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Author Topic: sKott's RetroPie Control Board  (Read 7198 times)

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sKott

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sKott's RetroPie Control Board
« on: April 14, 2017, 01:00:08 am »
Cool site. Wish I had come here a lot sooner.

As a child of the 70's and 80's and spent many a quarter in the arcades in my youth.
Always liked the early 80's games. They had simple themes, lots of fun, entertaining and some were quite challenging.
I wanted to share those memories with my kids, unfortunately arcades around here are a thing of the past.

I purchased an old Cocktail Ms. Pacman machine and restored it and the kids loved it.
I wanted more games but space was a huge issue so I had to look for another solution.

A year or two ago I purchased a Raspberry Pi to play MAME games using RetroPie.
At first it was neat in its little box running with a PS3 controller.



It was fine at first but I soon found its limitations with games like Tempest that required a spinner to be played properly.
I started looking around on the internet and saw a video on a cool dedicated Donkey Kong control panel that plugged into a TV.
Eureka! That's what I needed! something big enough to give the arcade control feel but small enough to be put away or transported to another location.

I started sketching things out and started with the top panel controls.
Most of the older games were set up as one player at a time ideas so that's what I went with.

Things I wanted:
4/8 way selectable Joystick
Dedicated 4 way Joystick for Q-Bert
Spinner
Trackball
Firestick (for Robotron 2084)
Enough fire buttons for anything
LED directional lights for the joysticks

I have a friend that works in a Die shop and they have a CNC Router to cut the boards.
I could also layer them as needed to get the cuts I needed.

This is what I came up with

It may look a little confusing but let me explain.
I needed the top panel to be 3/4 so I am using 2 pcs of 5/16" and a Piece of 1/8" glued together to achieve the correct thickness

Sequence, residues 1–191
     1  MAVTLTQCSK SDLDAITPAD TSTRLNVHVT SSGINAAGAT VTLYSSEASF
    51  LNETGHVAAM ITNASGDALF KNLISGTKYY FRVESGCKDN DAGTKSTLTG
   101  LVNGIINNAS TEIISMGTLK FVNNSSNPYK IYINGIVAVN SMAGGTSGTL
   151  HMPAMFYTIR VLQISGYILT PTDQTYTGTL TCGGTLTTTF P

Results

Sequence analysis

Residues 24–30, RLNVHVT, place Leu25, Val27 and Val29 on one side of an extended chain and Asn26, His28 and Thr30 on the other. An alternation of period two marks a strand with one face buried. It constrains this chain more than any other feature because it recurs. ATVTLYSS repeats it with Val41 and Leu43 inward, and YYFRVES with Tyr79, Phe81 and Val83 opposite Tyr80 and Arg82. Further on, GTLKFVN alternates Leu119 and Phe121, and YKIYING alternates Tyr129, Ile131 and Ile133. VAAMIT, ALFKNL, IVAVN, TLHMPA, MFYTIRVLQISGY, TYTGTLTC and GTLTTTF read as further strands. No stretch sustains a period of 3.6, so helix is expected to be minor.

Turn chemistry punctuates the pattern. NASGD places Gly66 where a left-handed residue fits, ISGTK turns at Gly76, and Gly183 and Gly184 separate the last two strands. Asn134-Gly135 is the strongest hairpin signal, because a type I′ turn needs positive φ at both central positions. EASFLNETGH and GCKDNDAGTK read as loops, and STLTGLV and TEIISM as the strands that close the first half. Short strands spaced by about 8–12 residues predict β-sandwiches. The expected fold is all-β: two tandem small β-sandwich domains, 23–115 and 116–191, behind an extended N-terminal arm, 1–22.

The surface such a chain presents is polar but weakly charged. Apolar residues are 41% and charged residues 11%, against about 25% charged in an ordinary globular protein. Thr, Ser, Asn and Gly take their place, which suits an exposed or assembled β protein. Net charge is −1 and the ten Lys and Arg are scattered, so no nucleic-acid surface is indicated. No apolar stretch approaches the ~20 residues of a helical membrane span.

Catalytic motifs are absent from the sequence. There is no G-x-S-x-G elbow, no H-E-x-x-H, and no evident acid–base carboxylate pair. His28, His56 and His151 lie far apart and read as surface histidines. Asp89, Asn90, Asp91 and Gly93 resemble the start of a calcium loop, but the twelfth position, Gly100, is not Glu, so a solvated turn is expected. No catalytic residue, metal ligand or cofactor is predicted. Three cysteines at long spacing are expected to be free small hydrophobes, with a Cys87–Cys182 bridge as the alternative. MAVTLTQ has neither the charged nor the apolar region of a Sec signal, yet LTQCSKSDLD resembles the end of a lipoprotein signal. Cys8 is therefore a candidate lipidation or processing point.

Top Layer:

This was cut from 5/16" Russian Birch. This layout gave me everything I wanted down to the directional LED's

Middle Layer:

This was cut form 1/8" Russian Birch Plywood. This panel allows me to run my LED wires without getting pinched by the mounts.

Bottom Layer (Flopped):

On this one (Also 5/16 Russian Birch) I had from the bottom to make the different depths for the various controls.

Top Layer Cut Out:




Middle Layer Cut Out:


Don't Have a picture of just the Bottom Layer cut out but You'll see a shot of it later with the LED Lights

More to come.


« Last Edit: April 15, 2017, 11:05:49 am by sKott »

Mike A

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Re: sKott's RetroPie Control Board
« Reply #1 on: April 14, 2017, 08:05:29 am »
 :oThat is way too busy. You should reconsider your whole approach.

wp34

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Re: sKott's RetroPie Control Board
« Reply #2 on: April 14, 2017, 08:31:44 am »
Where you are going with this is kinda fun.  Have you considered bottom mounting your joysticks so you don't have carriage bolts right next to your LED's?  You could also hide the bolts under the top layer since you are glueing several together.   


I don't normally comment after sawdust has flown but in this case since you used a CNC you can just print another copy. :)

Mike A

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Re: sKott's RetroPie Control Board
« Reply #3 on: April 14, 2017, 08:39:09 am »
You could make multiple tops for your control panel. If you wire quick connectors the right way you could have all of the controls you want without a cluttered mess. Since you have access to a CNC router it should be pretty easy.

wp34

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Re: sKott's RetroPie Control Board
« Reply #4 on: April 14, 2017, 09:39:29 am »
Are you going to put plexi over the top to cover the LED's?

sKott

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Re: sKott's RetroPie Control Board